Yesterday, Ehud Olmert, Israel’s prime minister, warned Palestinian militants their continuing rocket attacks on Israel would not go unpunished. He said further strikes would “be answered with a painful, harsh, strong and uncompromising response from the security forces”. More than 100 rockets and mortars have exploded in Israel in the six weeks since it ended its air and ground assault on Gaza, to which the government has responded with airstrikes.

Olmert’s warning came as Israel’s attorney general notified the prime minister that he was considering indicting him on charges of allegedly taking cash-stuffed envelopes from a Jewish-American businessman. Five corruption cases are pending against Olmert, although he has denied all wrongdoing. His spokesman said yesterday the charges against the prime minister would “disappear in the end”.

International Criminal Court Faces Big Test With Israel

February 15, 2009
By Amitabh Pal | The Progressive,  February 12, 2009

The International Criminal Court soon faces a big test—a test that could reveal whether it is truly an independent institution.

The Palestinian Authority has asked the court’s chief prosecutor, Luis Moreno-Ocampo, to examine if Israel was guilty of war crimes during its recent Gaza operation. Moreno-Ocampo should take a look into the allegations, not the least to refute the assertion that the court is an instrument of the West.

I have been a big supporter of the court and have written in its favor for a decade now, ever since it was being formed. But an article a few months ago in The Nation by Professor Mahmood Mamdani of Columbia University gave me pause. Mamdani insists that the International Criminal Court can be seen as the legacy of a tradition of Western paternalism toward the rest of the world, in some sense displaying a continuity with colonialism. While Mamdani overreaches in his argument and downplays the Bush Administration’s opposition to the court (for more on that see my January 2007 piece in The Progressive), he does make some interesting points.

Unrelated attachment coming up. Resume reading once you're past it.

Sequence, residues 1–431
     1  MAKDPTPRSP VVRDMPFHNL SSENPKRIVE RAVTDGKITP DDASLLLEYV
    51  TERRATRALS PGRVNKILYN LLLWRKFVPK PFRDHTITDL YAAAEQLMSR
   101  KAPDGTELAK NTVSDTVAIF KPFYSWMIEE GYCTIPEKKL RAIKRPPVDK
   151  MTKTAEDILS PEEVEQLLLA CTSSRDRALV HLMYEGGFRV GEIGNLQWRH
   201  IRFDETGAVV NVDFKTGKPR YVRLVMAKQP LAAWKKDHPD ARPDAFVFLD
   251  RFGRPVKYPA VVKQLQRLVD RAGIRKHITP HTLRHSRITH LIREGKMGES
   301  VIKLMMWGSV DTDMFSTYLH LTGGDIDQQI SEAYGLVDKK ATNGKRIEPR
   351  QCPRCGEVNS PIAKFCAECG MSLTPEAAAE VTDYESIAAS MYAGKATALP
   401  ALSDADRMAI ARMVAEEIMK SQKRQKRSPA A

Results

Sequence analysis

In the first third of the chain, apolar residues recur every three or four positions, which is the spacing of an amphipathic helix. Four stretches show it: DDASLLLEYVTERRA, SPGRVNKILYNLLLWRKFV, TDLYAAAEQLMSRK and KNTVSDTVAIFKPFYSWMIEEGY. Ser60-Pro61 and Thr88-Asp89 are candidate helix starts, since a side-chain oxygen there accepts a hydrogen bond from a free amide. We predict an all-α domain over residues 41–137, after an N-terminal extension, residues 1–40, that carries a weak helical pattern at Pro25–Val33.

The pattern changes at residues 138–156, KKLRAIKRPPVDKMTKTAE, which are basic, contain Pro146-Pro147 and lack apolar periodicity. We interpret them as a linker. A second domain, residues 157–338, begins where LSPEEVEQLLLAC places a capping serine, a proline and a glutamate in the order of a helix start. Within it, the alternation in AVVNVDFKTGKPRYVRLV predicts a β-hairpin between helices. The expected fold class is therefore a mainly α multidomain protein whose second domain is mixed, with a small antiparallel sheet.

“The fact of mutual accommodation between the world’s only superpower and an international institution struggling to find its feet on the ground is clear if we take into account the four countries where the ICC has launched its investigations: Sudan, Uganda, Central African Republic and Congo,” Mamdani writes. “All are places where the United States has no major objection to the course chartered by ICC investigations. Its name notwithstanding, the ICC is rapidly turning into a Western court to try African crimes against humanity. It has targeted governments that are U.S. adversaries and ignored actions the United States doesn’t oppose, like those of Uganda and Rwanda in eastern Congo, effectively conferring impunity on them.”

Mamdani limits his analysis to Africa, not delving into the obvious issue as to whether the International Criminal Court should have considered a case against the Bush Administration for its illegal invasion of Iraq. (In fact, Roger Cohen points out in a New York Times column that Moreno-Ocampo rejected pleas to try British forces in Iraq.)